The ”church of the Holy Wisdom,” Haghia Sophia is among the world’s biggest architectural achievements. Greater than 1,400 years old, it stands as a testimony to the sophistication of sixth-century Constantinople, and had an enormous affect on architecture within the centuries that followed. The huge edifice was constructed over two earlier churches and inaugurated by the Byzantine emperor Justinian I in 537. Within the fifteenth century, the Ottomans transformed it into a mosque: the minarets, tombs, and fountains date from this era. To help support the construction’s great weight, the outside has been buttressed on quite a few occasions, which has partly obscured its authentic form.
THE GROUND FLOOR
The inside of Haghia Sophia succeeds in imparting a really celestial feel. Highlights include the nice Byzantine mosaics, mostly dating from the ninth century or later. Essentially the most conspicuous attributes at floor level are these added by the Ottoman sultans after the conquest of Istanbul in 1453, when the church was transformed right into a mosque. These comprise the mihrab, a distinct segment indicating the direction of Mecca, the minbar, a platform used by the imam to deliver sermons; the Sultan’s loge, a secure place in which the sultan might pray; and the Kursu, a throne used by the imam while reading from the Koran.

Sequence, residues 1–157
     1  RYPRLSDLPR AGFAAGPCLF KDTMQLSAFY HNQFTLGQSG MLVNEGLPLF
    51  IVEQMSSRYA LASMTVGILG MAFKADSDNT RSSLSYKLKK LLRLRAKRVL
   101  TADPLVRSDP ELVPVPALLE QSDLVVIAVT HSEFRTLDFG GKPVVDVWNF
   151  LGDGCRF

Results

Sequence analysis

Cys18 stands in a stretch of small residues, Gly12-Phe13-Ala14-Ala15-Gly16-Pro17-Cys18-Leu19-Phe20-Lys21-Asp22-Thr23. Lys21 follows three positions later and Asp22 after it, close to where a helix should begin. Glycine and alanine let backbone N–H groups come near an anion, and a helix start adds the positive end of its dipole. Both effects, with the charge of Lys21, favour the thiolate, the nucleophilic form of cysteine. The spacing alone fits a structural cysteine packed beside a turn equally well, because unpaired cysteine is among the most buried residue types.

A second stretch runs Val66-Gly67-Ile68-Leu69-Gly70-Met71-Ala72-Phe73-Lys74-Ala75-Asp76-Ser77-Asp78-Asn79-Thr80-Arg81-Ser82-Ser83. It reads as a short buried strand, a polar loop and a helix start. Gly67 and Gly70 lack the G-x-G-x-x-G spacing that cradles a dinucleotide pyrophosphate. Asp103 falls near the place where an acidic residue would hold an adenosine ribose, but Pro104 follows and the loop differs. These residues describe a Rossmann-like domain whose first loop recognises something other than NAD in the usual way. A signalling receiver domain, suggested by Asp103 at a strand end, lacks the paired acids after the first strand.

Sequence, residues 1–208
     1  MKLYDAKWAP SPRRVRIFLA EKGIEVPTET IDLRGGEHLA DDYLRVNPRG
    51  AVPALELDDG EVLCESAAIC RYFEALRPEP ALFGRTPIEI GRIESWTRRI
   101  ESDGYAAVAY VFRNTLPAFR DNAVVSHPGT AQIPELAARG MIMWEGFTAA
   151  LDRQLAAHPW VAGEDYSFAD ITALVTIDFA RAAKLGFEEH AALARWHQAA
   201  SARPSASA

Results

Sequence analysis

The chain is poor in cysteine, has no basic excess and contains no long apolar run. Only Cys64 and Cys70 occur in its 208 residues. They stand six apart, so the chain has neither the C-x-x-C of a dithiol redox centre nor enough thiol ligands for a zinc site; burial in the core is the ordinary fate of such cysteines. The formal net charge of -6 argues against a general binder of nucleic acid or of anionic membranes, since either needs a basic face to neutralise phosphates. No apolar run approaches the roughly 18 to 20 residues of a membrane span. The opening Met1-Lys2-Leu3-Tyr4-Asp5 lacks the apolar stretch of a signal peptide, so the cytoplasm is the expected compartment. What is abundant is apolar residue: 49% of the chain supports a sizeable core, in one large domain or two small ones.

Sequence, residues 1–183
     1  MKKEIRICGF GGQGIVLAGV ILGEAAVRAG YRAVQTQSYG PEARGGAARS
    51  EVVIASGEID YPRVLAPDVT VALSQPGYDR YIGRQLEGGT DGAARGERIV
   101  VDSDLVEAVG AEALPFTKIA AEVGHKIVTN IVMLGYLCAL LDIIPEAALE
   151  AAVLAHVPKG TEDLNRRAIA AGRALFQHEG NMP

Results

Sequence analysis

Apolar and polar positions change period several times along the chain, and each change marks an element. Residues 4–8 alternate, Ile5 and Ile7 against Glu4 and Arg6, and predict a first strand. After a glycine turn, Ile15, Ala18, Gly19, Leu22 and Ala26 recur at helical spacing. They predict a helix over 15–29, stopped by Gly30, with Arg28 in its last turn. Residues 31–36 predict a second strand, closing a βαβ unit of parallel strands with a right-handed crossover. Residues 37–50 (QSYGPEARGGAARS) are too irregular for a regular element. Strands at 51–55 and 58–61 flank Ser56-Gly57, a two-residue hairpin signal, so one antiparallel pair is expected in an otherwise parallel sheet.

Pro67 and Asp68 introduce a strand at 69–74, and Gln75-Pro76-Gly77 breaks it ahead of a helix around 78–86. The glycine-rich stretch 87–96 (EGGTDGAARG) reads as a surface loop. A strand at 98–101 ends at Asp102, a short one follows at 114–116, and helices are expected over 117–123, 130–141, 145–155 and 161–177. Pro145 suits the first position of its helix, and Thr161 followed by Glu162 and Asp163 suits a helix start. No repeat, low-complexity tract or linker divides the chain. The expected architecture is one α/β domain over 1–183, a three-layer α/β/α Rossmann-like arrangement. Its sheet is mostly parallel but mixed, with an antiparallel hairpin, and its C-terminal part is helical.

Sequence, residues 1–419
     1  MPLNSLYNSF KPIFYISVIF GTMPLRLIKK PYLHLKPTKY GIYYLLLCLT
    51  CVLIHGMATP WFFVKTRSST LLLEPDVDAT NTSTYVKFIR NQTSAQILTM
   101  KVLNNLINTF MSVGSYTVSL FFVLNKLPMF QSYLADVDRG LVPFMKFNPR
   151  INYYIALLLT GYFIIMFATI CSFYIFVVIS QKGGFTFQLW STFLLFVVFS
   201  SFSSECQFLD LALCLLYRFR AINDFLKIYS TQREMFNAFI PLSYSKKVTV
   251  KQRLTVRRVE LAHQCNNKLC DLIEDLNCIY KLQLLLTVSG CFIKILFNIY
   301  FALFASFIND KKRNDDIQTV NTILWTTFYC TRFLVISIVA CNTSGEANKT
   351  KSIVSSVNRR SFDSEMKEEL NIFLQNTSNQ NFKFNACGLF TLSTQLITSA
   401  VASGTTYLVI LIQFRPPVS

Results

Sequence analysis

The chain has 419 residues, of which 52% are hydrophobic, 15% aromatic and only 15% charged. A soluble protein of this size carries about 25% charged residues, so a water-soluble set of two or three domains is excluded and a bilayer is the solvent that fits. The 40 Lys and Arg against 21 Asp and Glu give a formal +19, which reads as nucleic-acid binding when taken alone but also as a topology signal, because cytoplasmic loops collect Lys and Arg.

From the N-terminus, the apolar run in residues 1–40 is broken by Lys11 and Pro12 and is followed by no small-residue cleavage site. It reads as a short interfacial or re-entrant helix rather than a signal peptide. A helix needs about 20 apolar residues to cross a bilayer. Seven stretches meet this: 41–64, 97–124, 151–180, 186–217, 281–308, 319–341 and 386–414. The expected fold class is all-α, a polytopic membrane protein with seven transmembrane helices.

The apse is dominated by a big and striking mosaic showing the Virgin with the infant Jesus on her lap. Two other mosaics, urweiled in 867, depict the archangels Gabriel and Michael, though only fragments of the latter remain. Portraits of the saints Ignatius the Younger, John Chrysostom, and Ignatius Theophorus adorn niches within the north tympanum. In a concave area at the base of the dome is a mosaic of the sixwinged seraphim. The dome is adorned with Koranic inscriptions (calligraphic roundels). It was once coated in gold mosaic tiles.
When Emperor Constantine I (r. 306-337) selected Byzantium for his capital and renamed it Constantinople, he amassed artists, architects, and craftsmen to construct his new imperial metropolis. They got here mainly from Rome, bringing with them an Early Christian style. Eastern influences have been added to this and a distinct Byzantine style evolved. Church buildings, once primarily based on a longitudinal design, became centralize – as at Haghia Sophia – with an eastern apse and three aisles.